Patients who had positive IgM and negative IgG anti-Brucella antibodies. All the 15 samples positive for IgM and negative for IgG belonged to 15 patients and serology was not repeated for these patients. The age of these patients at which serology was requested ranged from 14 to 40 years. 53% (n = 8) of these IgM-positive and IgG-negative patients were male, while 47% (n = 7) were females.
Other than the risk of living in a high prevalence country, one patient had an additional risk of working as a nurse in the infectious diseases clinic for two years.
Fever was the most common presenting symptom and the reason behind requesting Brucellosis workup in eight out of 15 patients. Joint pains became the second most common cause leading to request ELISA for anti-Brucella antibodies. Other causes leading to request Brucella serology included a cough associated with chest pain in two patients and hematuria in one patient. Only one patient presented with splenomegaly and abdominal pain.
RSAT was performed for 13 patients and turned out positive for four patients and culture was performed for 13 patients and turned out negative for all of them. The final diagnosis for each patient with IgM positive and IgG negative anti-Brucella antibodies is presented in Table III.
Not a single patient was diagnosed as having brucellosis. Of all the patients that presented with fever, one had influenza while another had syphilis as definite diagnosis after demonstration of positive the Influenza PCR and the Syphilis-Ig, respectively. Pyrexia of unknown origin (PUO) was diagnosed in two patients with fever. In another two patients, the diagnosis of acute cystitis and spondylarthrosis was established. Tuberculosis and community-acquired pneumonia remained the final diagnosis in two patients that presented with a cough and chest pain. In four patients, the demonstration of antinuclear antibodies (ANA) led to the diagnosis of systemic lupus erythematosus (SLE). Cervicalgia was diagnosed in one patient who presented with shoulder pain while another patient with arthralgia was diagnosed with multiple sclerosis. One patient with hematuria as the chief presenting complaint was diagnosed as having renal stones.
Saudi Arabia is considered a high prevalence zone for brucellosis and the prevalence is higher in a rural community as compared to urban areas. Non-specific presentation and a high index of suspicion on part of local physicians enabled us to describe a large series of patients who presented to the KFUH ID clinic with the clinical picture suggestive of brucellosis and variable patterns of serology results. Most common symptoms were fever and musculoskeletal pains.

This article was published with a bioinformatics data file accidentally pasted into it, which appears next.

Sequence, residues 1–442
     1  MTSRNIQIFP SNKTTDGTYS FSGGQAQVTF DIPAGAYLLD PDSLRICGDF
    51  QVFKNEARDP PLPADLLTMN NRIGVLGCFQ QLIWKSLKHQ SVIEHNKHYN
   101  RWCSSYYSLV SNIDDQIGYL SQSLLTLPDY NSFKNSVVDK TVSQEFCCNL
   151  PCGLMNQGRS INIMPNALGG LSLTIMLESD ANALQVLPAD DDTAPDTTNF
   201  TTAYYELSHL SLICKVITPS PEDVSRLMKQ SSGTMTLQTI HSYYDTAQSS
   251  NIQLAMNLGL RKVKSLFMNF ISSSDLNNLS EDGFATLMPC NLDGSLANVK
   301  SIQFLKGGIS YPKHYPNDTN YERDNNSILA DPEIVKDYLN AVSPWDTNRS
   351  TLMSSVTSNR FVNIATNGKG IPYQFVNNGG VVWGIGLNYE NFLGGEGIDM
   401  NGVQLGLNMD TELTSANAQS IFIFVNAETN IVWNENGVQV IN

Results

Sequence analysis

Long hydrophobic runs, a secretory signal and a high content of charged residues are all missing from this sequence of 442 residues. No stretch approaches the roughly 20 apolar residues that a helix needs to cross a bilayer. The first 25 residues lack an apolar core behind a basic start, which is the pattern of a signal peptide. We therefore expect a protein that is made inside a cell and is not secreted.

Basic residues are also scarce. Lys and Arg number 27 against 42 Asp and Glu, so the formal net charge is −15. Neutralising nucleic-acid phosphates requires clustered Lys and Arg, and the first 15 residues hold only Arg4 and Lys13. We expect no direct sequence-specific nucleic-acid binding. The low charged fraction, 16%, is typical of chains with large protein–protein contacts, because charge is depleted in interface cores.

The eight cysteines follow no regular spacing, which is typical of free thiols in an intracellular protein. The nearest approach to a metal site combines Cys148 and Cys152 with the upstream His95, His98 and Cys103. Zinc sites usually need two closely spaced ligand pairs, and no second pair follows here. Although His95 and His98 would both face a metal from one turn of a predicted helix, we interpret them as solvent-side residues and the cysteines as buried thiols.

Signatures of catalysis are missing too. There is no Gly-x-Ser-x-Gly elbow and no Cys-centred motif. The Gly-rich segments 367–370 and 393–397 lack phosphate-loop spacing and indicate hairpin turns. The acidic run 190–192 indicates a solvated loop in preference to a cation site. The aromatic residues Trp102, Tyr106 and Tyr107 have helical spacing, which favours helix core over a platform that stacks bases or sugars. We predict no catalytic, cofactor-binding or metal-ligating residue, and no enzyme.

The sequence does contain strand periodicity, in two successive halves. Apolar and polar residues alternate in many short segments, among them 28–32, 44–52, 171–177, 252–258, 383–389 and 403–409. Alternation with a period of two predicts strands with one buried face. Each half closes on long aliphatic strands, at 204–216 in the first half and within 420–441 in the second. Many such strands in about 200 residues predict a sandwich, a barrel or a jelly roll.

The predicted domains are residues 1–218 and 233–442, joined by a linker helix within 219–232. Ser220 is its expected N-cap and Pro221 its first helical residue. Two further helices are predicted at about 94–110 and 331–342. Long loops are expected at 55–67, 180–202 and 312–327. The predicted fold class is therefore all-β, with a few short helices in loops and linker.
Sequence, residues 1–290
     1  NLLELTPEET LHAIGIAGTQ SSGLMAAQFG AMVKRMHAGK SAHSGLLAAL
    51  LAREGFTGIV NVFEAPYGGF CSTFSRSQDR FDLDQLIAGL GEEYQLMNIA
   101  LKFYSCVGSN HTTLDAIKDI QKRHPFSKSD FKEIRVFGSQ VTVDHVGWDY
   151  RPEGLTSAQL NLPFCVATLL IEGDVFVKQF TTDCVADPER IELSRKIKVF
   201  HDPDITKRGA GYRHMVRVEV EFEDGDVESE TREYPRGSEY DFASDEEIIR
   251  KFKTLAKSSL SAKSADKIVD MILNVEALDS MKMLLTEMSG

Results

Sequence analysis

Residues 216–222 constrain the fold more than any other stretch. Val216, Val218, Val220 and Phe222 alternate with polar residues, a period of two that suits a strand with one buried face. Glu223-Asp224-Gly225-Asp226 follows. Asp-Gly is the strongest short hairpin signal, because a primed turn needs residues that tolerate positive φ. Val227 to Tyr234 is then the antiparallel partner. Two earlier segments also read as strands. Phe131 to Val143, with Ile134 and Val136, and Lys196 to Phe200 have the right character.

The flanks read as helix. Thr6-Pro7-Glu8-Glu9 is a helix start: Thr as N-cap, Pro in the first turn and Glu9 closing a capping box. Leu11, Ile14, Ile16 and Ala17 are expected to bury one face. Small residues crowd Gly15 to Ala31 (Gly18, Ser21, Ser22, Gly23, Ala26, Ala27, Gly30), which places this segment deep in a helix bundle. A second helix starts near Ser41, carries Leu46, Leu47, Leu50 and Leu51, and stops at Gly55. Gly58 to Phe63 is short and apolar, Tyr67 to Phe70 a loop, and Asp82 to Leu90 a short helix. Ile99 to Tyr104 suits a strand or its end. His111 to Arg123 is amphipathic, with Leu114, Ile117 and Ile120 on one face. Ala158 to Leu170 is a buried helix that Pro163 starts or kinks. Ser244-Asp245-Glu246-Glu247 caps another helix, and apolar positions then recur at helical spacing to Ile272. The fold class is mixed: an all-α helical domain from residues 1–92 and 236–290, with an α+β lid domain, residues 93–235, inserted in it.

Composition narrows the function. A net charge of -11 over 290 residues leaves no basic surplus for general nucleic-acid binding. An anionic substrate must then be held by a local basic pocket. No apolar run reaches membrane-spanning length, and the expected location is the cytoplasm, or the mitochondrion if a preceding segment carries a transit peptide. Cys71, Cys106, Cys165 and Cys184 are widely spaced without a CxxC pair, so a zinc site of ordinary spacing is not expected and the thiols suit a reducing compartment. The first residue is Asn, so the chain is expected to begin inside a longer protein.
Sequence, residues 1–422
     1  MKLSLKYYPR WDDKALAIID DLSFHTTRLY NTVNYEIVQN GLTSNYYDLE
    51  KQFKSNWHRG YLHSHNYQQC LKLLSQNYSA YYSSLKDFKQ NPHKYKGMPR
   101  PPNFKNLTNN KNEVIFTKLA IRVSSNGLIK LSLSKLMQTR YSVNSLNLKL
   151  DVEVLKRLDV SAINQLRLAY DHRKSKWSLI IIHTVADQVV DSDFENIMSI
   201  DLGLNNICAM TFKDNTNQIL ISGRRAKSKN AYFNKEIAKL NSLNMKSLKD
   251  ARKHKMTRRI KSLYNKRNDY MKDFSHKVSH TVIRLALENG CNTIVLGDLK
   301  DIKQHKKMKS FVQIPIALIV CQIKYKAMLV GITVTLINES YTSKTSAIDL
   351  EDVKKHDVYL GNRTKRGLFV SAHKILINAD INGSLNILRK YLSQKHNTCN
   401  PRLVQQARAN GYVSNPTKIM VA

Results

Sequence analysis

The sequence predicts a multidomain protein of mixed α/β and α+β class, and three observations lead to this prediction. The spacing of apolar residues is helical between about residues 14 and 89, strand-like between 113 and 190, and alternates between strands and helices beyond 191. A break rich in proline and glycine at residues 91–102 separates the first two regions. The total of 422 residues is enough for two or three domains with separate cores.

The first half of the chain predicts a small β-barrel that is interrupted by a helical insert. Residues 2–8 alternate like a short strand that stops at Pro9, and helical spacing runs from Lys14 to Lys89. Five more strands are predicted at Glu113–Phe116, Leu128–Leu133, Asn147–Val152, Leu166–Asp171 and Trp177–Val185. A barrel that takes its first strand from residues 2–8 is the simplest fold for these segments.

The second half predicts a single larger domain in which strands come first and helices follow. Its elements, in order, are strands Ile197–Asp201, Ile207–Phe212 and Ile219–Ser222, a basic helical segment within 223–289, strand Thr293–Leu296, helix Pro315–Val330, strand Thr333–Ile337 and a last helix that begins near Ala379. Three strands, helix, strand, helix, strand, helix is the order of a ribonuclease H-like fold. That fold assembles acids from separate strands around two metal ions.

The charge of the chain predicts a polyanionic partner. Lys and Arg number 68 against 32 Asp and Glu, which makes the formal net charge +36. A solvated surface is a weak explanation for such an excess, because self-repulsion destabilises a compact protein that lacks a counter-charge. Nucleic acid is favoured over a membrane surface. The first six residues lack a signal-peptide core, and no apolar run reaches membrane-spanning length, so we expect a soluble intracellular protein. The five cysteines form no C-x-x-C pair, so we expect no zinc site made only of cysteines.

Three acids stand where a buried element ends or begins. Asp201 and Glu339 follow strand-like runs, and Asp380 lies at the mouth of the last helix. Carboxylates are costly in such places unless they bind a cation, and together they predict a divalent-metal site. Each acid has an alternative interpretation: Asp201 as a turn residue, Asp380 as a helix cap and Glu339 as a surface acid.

Serology was performed by ELISA for all patients. Different patterns of positivity were observed for IgG and IgM anti-Brucella antibodies in these patients. Other laboratory assays that were performed to confirm the diagnosis included blood culture for Brucella and RSAT.
ELISA has a diagnostic advantage over other serological assays in an endemic setting where is a need to process a huge number of samples. However, sensitivity and specificity of IgG and IgM anti-Brucella antibodies have been a topic of debate in many studies (Gomez et al. 2008). Presence of IgM antibodies is indicative of acute infection but at the same time, IgM antibodies are well known for their cross-reactions with other bacterial species, like Yersinia, Escherichia coli O157, Salmonella spp. and Francisella tularenis (Aranis et al. 2008). Since infections have been identified as the cause of fever in most of our patients, cross-reactions are probably responsible for the detection of IgM anti-Brucella antibodies in these patients.
Out of 53 patients who had IgM-antibodies in their sera, 38 were also positive for IgG and all of these double-positive patients were diagnosed for brucellosis based on suggestive clinical picture and isolation of the organism from the blood culture. None of the 15 patients who had only IgM antibodies against Brucella in their sera were actually diagnosed as having active brucellosis.
Furthermore, the other possible reason for false posi tive IgM antibodies could be the presence of rheumatoid factor (ISCIII 2018). Therefore, it is recommended to remove rheumatoid factor by pre-absorption before the determination of IgM anti-Brucella antibodies in sera to avoid possible interference with the result. One study has described a positivity of 8.8% for rheumatoid factor in patients with osteoarticular brucellosis (Corbel et al. 1985). Since most of the patients with IgM only antibodies in their sera presented with fever and joint-related symptoms and none of the sample was pre-treated to absorb rheumatoid factor, the false positivity of IgM antibodies can be attributed to interference due to rheumatoid factor.